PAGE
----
Pin Drop Silence

Nobody really knows what folk music is. Some people – the purists – will tell you that it’s songs that have been passed down orally from generation to generation. There are some folk clubs in the UK that stick so strictly to this idea that they present acts with extensive lists of pre-approved tracks. Lists that literally define which songs are (and which songs are not) folk songs. But what can this version of folk music offer 21st century Britain, where music is distributed, listened to, and enjoyed in ways that didn’t exist twenty years ago, let alone three hundred? What of the wealth of voices from countries besides our own, each with their own tradition, and their own experience? And what of the new standards that creep into regular rotation on artists’ setlists – your ‘Blues Run The Game’, your ‘One More Cup of Coffee’?

Other people prefer to loosely connect folk to the acoustic guitar – but this runs into problems almost immediately for very obvious reasons. How about songs that tell a story? Or maybe songs that speak uniquely to a time and a place, a lived experience? These are all questions and suggestions I’ve faced in ten years of booking gigs for Folkroom. In the end I came up with one simple rule to determine whether or not an act gets to play our gig:

Can I defend this to the drunken heckler at the back of the room?

The rule was created – perhaps unsurprisingly, given how specific its parameters are – when I found myself having to do exactly that in one of our first Folkroom events, back in the tail end of 2010. I can’t remember who was performing now, which doesn’t speak to how easy they were to defend. The acts I booked after that realisation, though – I’ve forgotten very few of those.

It’s been a joy running Folkroom for ten years. One that, thankfully, far outweighs the pain of having to celebrate our anniversary apart from one another. We’d had so many plans, too! A compilation album had been mooted. A party for all our friends and musical relations. And, to really drive the celebration home, the launch of Brighton & Hove Folk Festival – our very own festival, complete with acts from ten years of gigs, big folk names and a few very Folkroom touches (live illustrations from the Observer’s political cartoonist, anyone?).

Instead you get a blog post. Sorry. To be honest, we thought about doing a little more even in the midst of all this. But here’s the thing about putting so much of yourself into a creative enterprise: when it’s taken away from you, it can be hard to bring yourself to face that pain on a daily basis.

It’s taken me the best part of a week to even put this together – I’m writing all of this now, trying not to second-guess myself, the night before posting. Engaging with all the brilliant memories a decade of Folkroom has given me only serves to amplify the fact that we’ve not hosted a gig since mid-March. That we’ve nothing booked into our diaries until April next year, and even that’s a tentative rebooking of one of the thirty-six gigs we would have hosted by now.


I tend to think of the history of Folkroom in generational terms. It’s a handy way of getting my head around a decade of live gigs, to break the years into digestible chapters, and to form some sort of narrative to our ongoing story.

Our first generation started on the 1st of September 2010, exactly one month to the day after I first moved to London. The Queen’s Head, a gorgeous Victorian corridor pub in King’s Cross, was our base camp. I had no idea how to run a gig – had never done anything like it before. I decided my best bet was to seek out acts who might want to play for me by trawling the wreckage of MySpace (Jesus, we are old), which by then had been vacated even by Tom himself. All that was left, in fact, were musicians who hadn’t yet been offered a viable alternative. I can’t remember my process of finding the acts, but even now I can’t fault it: these early searches dug up Andrew Butler, Worry Dolls, Kate Stapley and Josienne Clarke & Ben Walker. The last of those turned out to be the most invaluable discovery of all – Ben took such pity on my sound engineer-free gigs that he offered to come along regularly to help out. The two of us have been at the centre of Folkroom together ever since.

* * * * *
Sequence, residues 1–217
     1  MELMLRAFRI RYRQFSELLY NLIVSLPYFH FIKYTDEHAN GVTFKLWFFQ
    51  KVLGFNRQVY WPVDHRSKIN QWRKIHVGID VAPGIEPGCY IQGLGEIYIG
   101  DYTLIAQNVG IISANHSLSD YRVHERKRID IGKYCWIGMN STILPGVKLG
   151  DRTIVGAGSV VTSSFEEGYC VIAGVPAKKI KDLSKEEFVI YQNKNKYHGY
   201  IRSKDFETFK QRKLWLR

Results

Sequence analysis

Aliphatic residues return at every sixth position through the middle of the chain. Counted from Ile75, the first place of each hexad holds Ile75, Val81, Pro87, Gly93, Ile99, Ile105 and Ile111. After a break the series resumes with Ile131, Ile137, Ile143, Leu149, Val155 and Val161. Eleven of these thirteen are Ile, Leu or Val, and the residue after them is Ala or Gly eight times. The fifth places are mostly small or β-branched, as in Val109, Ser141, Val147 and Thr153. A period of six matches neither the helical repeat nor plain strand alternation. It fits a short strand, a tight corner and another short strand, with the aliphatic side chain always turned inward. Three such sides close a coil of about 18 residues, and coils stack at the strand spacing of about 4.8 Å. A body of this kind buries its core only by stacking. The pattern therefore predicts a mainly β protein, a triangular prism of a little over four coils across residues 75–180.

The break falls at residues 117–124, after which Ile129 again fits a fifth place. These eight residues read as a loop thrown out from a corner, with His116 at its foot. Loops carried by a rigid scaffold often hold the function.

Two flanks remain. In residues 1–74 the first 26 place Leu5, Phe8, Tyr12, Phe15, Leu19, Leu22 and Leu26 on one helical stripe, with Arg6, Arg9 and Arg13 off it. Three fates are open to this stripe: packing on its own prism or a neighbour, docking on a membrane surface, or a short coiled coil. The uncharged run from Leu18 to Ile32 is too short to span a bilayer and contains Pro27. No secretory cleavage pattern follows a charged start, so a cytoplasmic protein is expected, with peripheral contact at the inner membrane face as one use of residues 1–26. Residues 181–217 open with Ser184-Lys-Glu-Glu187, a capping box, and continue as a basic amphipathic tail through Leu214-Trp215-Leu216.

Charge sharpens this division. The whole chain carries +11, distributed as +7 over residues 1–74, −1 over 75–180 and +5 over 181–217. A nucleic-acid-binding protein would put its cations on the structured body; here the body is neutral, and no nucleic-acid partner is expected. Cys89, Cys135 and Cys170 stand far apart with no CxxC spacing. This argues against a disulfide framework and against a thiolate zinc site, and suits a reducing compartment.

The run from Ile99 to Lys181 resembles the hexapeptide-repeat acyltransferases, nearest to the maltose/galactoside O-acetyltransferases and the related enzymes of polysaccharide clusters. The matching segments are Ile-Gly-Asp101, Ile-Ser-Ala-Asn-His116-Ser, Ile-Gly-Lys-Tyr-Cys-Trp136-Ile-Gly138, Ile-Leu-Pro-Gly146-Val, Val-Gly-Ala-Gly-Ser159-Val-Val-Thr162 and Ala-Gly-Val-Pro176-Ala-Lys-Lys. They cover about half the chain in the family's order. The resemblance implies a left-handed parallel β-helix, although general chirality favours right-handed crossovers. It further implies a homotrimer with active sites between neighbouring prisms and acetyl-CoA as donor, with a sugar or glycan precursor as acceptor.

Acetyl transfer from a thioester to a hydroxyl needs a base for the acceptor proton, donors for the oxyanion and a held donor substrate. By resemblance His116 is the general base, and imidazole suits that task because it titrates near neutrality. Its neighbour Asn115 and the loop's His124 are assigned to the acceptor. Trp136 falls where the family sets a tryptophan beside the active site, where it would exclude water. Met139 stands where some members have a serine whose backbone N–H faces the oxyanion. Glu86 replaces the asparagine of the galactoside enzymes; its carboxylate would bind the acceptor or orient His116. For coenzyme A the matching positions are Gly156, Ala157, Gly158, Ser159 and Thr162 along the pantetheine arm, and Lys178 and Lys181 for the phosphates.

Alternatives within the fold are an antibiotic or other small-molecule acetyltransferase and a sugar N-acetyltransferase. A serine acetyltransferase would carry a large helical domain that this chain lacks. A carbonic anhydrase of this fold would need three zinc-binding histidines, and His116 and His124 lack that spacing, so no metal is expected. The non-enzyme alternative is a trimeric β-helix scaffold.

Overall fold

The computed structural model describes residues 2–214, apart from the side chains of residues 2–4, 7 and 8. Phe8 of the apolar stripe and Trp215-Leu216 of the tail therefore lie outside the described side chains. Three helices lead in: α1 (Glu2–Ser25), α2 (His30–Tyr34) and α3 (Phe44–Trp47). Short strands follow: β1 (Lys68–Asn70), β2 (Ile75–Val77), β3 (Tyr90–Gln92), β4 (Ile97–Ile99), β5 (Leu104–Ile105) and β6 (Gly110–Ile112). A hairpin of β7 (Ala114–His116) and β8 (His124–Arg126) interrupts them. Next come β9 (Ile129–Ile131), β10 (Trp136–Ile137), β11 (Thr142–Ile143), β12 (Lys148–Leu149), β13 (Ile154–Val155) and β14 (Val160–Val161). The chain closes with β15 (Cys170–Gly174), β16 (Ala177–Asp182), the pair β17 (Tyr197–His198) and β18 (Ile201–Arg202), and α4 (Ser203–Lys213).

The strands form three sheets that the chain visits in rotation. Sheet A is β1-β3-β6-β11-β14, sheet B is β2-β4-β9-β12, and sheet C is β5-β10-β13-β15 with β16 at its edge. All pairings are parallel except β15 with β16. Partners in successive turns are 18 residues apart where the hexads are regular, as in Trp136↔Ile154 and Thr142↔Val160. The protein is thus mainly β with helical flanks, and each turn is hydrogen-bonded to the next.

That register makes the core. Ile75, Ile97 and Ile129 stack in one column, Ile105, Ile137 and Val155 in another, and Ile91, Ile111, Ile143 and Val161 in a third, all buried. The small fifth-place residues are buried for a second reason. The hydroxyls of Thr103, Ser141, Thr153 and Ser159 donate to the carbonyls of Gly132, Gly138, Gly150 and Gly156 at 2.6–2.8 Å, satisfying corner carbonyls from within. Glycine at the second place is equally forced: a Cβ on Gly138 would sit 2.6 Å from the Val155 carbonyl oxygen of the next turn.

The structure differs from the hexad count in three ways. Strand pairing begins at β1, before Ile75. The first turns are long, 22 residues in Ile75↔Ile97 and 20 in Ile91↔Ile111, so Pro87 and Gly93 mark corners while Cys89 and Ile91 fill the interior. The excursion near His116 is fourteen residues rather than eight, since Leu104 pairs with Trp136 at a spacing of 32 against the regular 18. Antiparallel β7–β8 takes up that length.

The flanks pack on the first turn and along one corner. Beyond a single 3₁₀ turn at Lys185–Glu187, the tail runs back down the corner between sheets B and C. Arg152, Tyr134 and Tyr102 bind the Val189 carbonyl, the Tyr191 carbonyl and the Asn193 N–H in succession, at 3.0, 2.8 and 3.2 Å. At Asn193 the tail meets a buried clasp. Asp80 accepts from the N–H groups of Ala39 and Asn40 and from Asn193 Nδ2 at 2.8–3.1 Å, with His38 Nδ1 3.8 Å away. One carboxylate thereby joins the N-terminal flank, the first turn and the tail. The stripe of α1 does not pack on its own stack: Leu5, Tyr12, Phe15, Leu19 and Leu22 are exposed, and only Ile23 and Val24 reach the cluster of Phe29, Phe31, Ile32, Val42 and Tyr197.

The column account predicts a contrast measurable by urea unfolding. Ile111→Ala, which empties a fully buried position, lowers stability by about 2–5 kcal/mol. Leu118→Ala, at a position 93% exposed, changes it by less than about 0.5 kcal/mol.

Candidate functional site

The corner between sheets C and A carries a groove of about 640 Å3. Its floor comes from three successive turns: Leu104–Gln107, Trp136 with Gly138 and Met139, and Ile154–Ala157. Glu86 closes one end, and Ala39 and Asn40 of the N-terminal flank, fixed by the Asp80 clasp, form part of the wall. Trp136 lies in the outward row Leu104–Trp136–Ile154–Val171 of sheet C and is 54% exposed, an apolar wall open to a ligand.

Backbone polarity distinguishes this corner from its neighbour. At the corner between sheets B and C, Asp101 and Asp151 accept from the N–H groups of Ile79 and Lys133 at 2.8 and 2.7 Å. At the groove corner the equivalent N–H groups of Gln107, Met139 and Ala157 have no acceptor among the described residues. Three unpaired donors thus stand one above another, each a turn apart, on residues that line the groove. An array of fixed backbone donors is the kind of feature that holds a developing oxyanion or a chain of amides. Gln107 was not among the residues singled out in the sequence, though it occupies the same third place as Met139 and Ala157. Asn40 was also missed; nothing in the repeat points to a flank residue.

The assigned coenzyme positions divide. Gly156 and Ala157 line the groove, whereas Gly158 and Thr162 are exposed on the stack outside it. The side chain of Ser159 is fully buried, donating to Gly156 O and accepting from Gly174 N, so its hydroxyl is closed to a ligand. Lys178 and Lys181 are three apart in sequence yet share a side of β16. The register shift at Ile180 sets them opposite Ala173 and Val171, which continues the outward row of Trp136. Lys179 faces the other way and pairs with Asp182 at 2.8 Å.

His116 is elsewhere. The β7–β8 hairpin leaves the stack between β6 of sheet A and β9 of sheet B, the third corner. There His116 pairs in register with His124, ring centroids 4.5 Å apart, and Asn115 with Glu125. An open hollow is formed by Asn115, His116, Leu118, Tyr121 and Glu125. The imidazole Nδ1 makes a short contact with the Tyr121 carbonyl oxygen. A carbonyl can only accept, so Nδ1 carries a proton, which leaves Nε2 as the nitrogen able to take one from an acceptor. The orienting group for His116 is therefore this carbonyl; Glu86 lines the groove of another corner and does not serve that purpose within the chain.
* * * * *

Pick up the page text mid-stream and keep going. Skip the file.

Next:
The Queen’s Head wasn’t an ideal space for our gigs – the audience often had to share their space with noisy office workers looking for a quiet drink after work, and the position and size of the stage meant that more than once a female audience member went to to the toilet only to find her exit blocked by a drumkit by the time she came out. But there was something to be said for the atmosphere – the way the curved windows at the front of the pub steamed up on a cold winter’s night, so that passersby would pop their head in trying to put faces to the music they were hearing, and find themselves still watching when we rounded up a couple of hours later. The piano, set at the opposite end of the room from the stage, meant musicians would frequently decamp mid-set, the audience gathering around them, the staff standing on the bar so they could film it all on their phone – tight-packed camaraderie, great music, something a little different.

My rule for only booking acts I really loved meant that even though the audiences could occasionally be a little rowdy, more and more musicians started seeking us out as a gig they wanted to come and play. That’s how I mark the second gen of Folkroom acts – when I stopped having to look on MySpace. It was thrilling to discover all these fantastic musicians – under-heard and immensely underrated – all willing to come and play a Wednesday night in King’s Cross. Ben and I were so enamoured by the music that we formed a label, and started signing acts up to release EPs with us. Andrew Butler, who had headlined our first gig, was an obvious choice – but soon new discoveries like Lucy Cait, Robin Elliott and The Lost Cavalry were just as irresistible.

I remember pulling Ben outside into the cool night air as Sophie Jamieson finished her first ever set for us.

“She’s incredible, isn’t she? I mean, there’s literally nothing like it.”

“We need to sign her.”

We’d invited Patch & the Giant along that night to ask them to release an EP with us. In the end, we signed both them and the newcomer Sophie, then celebrated with a couple of the pub’s deadly Bee Sting ciders.

That year should have been Folkroom’s finest hour to date – but I wasn’t well. Though I couldn’t yet understand why, my personal life was falling apart beneath me. I was struggling with almost everything I took on, depressed without understanding what depression even was. Humiliated by my incompetence as an adult, my inability to even feed myself properly, I attempted to bluster forwards, digging myself deeper and deeper holes. Folkroom suffered accordingly – gigs weren’t booked until the day before, and often had slots left unfilled. Our summer of releases were poorly managed and poorly promoted, and I left friends feeling betrayed.